In other action, the Moffat County Commission:
• Approved, 2-0, meeting minutes from June 8 and 22.
• Approved, 2-0, payroll warrant resolutions totaling $681,502.95 ending July 10.
• Approved, 2-0, a third quarter reimbursement claim for Emergency Management Performance Grant expenses totaling $8,159.
• Approved, 2-0, installing a 1,000-gallon cistern and a new pump at the Hamilton Community Center, and to use the existing pressure tank for potable water.
• Approved, 2-0, a proclamation to make the week of July 24 disability awareness week.
• Approved, 2-0, accepting a preliminary draft of the 2009 county audit results.
Note: Commissioner Tom Gray was absent.
The Moffat County Commission took another step Tuesday toward solidifying the future of medical marijuana dispensaries in the county.
At its regular meeting, the commission approved, 2-0, a resolution containing a ballot question for the November election.
As of now, the measure will appear before voters. However, the commission has until Oct. 6 to withdraw the question, if it chooses.
The question asks Moffat County voters if they want to prohibit dispensaries and other similar operations in unincorporated parts of the county.
The question considers banning operations allowing the distribution and cultivation of medical marijuana such as “medical marijuana centers, optional premises cultivation operations, and medical marijuana-infused products manufacturers’ licenses.”
Commissioner Audrey Danner called the ballot measure approved Tuesday a “place-holder,” and that the county could decide to pull the measure before the election.
“This will give the citizens a chance to understand our thinking and what we are learning about it and following what is happening at the state,” she said. “But, I am very clear that I am still considering whether we should put this on the ballot.”
The commission met Tuesday with county attorney Jeremy Snow, who drafted the ballot measure, to discuss the measure and medical marijuana rules and regulations being developed at the state level.
Snow recommended the commission approve the measure,
considering it could be changed or removed in the future.
“You could still change your mind at this point, but it will be harder to not do this now, than if you want to do it later,” he said.
Snow said the commission has until Sept. 3 to change or Oct. 6 to withdraw the ballot measure.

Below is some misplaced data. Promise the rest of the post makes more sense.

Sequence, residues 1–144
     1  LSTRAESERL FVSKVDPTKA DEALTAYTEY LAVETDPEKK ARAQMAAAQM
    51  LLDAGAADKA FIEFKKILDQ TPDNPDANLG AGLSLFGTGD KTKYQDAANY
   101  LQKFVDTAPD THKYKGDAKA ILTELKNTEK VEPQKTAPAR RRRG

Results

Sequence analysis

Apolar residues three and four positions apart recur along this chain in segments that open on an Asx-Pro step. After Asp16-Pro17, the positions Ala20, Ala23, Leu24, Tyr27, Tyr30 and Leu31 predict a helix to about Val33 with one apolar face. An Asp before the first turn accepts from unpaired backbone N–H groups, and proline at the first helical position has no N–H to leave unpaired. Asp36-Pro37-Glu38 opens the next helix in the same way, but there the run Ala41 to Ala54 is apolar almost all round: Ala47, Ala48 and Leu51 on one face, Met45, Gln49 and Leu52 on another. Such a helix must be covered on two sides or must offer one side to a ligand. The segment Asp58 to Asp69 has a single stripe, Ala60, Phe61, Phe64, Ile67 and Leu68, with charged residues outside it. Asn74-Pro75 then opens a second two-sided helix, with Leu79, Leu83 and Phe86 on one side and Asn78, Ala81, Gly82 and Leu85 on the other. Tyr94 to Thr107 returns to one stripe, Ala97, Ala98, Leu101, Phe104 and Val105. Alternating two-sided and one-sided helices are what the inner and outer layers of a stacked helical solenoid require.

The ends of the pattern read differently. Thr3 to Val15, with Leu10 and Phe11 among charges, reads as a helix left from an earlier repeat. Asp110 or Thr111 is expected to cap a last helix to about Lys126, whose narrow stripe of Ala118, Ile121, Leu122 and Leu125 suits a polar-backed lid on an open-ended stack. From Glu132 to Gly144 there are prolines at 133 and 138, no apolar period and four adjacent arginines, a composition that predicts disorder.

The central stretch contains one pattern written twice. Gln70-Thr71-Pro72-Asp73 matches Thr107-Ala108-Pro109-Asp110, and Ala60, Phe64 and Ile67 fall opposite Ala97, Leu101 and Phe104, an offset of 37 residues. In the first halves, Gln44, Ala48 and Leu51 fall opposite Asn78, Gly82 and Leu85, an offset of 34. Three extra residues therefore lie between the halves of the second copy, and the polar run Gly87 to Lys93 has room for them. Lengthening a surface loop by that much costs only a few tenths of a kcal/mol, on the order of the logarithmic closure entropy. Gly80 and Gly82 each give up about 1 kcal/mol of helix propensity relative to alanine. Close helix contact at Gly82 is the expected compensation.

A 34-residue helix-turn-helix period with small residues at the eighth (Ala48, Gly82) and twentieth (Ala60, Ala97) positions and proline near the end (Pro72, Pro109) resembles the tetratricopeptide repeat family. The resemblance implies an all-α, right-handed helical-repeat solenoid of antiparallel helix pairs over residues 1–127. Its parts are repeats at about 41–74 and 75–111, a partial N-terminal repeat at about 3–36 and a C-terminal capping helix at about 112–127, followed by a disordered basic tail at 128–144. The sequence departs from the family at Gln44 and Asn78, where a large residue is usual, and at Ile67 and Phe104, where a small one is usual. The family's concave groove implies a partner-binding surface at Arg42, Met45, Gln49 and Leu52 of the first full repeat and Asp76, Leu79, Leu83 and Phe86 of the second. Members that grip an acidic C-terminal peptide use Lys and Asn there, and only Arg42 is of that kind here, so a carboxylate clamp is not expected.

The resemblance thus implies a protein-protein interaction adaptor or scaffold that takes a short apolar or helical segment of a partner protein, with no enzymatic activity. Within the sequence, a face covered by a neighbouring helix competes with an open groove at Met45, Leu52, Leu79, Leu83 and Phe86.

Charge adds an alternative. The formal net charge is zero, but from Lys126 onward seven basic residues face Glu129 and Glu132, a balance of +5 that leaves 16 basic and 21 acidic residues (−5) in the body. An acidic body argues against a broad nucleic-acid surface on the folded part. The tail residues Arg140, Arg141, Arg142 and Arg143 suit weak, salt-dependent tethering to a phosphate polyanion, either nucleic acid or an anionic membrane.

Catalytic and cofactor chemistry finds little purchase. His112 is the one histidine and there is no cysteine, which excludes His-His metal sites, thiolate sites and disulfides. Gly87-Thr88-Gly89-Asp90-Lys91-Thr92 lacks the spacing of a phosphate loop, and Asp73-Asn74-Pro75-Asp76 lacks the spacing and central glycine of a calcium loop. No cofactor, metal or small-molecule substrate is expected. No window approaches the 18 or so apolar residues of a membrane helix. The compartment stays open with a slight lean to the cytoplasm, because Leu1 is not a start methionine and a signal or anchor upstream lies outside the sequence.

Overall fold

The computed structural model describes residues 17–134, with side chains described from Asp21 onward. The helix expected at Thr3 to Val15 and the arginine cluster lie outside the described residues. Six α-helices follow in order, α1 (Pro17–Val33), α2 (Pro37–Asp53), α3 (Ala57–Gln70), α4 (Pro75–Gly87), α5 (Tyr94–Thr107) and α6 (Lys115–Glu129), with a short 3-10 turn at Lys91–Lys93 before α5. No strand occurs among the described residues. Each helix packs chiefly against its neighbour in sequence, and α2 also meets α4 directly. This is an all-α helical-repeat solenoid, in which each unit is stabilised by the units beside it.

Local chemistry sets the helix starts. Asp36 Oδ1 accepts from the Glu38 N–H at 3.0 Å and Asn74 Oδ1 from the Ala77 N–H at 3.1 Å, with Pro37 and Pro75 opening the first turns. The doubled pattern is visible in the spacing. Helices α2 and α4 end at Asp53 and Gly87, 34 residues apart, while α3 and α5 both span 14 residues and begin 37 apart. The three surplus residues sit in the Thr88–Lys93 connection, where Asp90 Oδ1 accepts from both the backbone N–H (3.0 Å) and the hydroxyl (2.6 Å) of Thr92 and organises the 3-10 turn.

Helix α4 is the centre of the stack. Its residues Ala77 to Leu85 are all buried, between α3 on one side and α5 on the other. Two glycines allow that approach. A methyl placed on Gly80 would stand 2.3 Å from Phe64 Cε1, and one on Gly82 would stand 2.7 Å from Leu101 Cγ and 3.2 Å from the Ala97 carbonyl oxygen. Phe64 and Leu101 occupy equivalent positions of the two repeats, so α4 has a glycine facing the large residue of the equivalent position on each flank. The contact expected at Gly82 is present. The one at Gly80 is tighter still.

“I like having a resolution with the ballot question … so that the citizens really know what we are talking about with this because there is confusion already of, ‘Well, the voters voted on this at the state,’” Danner said. “We voted on other topics related to medical marijuana.”
On June 10, the commission extended its moratorium on dispensaries in unincorporated parts of the county for six months.
At the time, the commission said it extended the moratorium to wait and see what rules and regulations were developed from Colorado House Bill 10-1284.
The bill, which Gov. Bill Ritter signed June 7 and took effect July 1, gives local governments several options in controlling dispensaries including putting the matter before voters, Snow said.
Commissioner Tom Mathers said he would consider pulling the measure from the ballot if the state were to release rules and regulations for medical marijuana dispensaries.
“It’ll be a last minute deal,” he said. “And should they not come out with any rules and regulations, I think we’ll just let the voters decide if they want it or if they don’t want it.”
The commission has not drafted its own rules and regulations, Mathers said, because it doesn’t want to “do the whole thing all over again” if its regulations don’t match state regulations.
Mathers said he has not heard any feedback on the issue from Moffat County residents.
Considering the lack of public input, Mathers said putting the issue to the voters would be a solution in determining which way the commissioners should head — banning or regulating.